Evaluation using publication and citation measures should consider the field-specific environments in which the evaluated scientists operate and the objectives of the evaluation: are research groups in biomedicine being compared, or candidates for a full professorship in economics? Bornmann and Marewski (2018) introduced the term “bibliometrics-based heuristics,” which emphasizes the meaning of the environment in which the evaluation takes place. One cannot make performance judgements without information about the international network of the evaluees, the quality of the journals in which their papers were published, the number of single-authored papers compared to the number of co-authored papers, the concrete topics of the scientists’ research, and the most important papers in their careers.

If, for other reasons, a single number is needed that reflects both impact and output dimensions in a comparison, the number of papers which belong to the 10% most frequently cited in the corresponding fields and publication years is probably the best candidate (Leydesdorff et al. 2011; Narin 1987; Tijssen et al. 2002). An age-normalized variant of this indicator (at the individual level) can be obtained by dividing this number by the years since publishing one’s first paper (Bornmann and Marx 2014).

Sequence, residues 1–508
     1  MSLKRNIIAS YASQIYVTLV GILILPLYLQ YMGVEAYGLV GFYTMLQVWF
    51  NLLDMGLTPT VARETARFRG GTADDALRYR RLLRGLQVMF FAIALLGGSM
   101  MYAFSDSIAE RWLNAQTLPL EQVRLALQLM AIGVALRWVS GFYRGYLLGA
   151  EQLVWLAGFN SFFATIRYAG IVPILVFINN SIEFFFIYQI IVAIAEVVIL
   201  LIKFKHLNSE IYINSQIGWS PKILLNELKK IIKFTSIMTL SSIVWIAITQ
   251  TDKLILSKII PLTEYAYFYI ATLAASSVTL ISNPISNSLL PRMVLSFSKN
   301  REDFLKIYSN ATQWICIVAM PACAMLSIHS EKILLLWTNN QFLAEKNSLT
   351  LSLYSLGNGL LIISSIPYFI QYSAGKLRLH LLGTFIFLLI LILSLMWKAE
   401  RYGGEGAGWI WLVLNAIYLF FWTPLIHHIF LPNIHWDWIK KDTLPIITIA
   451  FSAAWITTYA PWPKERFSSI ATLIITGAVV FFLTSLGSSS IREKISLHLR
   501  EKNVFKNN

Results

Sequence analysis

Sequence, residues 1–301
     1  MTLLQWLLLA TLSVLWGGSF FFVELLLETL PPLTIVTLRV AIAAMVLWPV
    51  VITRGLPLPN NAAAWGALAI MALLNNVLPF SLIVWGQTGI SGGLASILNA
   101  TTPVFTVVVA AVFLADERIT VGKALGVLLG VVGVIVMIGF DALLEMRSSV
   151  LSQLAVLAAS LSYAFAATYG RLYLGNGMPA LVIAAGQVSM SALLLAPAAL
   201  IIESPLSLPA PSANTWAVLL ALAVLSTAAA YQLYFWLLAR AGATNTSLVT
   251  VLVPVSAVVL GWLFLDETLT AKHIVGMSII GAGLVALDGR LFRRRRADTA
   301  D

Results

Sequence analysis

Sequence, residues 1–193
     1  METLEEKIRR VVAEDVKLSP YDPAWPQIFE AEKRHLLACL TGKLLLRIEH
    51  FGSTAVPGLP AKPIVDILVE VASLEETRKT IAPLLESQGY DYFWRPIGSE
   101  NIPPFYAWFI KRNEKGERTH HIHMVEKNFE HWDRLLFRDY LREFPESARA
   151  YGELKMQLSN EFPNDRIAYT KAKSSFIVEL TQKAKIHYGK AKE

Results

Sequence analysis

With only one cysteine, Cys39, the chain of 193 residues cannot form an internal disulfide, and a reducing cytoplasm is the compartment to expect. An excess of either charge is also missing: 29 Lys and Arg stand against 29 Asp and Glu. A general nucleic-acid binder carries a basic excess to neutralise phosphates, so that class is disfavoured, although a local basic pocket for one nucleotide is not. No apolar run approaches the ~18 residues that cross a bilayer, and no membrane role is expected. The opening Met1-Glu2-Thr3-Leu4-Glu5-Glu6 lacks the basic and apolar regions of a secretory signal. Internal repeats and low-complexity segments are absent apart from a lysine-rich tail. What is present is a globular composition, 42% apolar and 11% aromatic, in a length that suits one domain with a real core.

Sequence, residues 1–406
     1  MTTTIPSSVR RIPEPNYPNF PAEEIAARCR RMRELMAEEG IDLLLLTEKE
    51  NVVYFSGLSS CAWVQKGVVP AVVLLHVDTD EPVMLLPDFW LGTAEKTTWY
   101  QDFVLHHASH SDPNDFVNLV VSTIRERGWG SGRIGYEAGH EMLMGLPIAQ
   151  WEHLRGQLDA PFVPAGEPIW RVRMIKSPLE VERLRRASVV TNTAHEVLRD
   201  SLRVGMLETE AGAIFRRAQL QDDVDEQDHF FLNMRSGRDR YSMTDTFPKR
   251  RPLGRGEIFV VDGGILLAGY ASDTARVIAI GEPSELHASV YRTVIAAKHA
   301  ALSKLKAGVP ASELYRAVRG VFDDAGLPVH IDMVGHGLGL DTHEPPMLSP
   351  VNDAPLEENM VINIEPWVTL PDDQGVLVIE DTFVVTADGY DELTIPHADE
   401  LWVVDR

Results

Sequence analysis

As against these empirically elaborated bibliometric indicators, h, \(\bar{h}\), and hα are just mathematical constructs which are formal and thus devoid of meaning. A mathematical model of how to combine publication and citation analysis without empirical testing and theoretical backing tells us more about the imagination than about the modeled system. Scientists, for example, could be scaled on behaving like chimpanzees or bonobos, and one could design a research project testing the differences in α-behavior among the disciplines. The current proposal of hα, however, claims validity across the disciplines but is both untestable and uninformed; it provides us rather with a perspective. Is this, perhaps, the perspective “which forces a man to become a physicist” (Leydesdorff and van Erkelens 1981; Mitroff 1974)?


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© The Author(s) 2019

Open AccessThis article is distributed under the terms of the Creative Commons Attribution 4.0 International License (, which permits unrestricted use, distribution, and reproduction in any medium, provided you give appropriate credit to the original author(s) and the source, provide a link to the Creative Commons license, and indicate if changes were made.

Authors and Affiliations

  1. 1.Amsterdam School of Communication Research (ASCoR)University of AmsterdamAmsterdamThe Netherlands
  2. 2.Division for Science and Innovation StudiesAdministrative Headquarters of the Max Planck SocietyMunichGermany
  3. 3.Experimental Cardiology Group, Heart Failure Research CenterAcademic Medical Center AMCAmsterdamThe Netherlands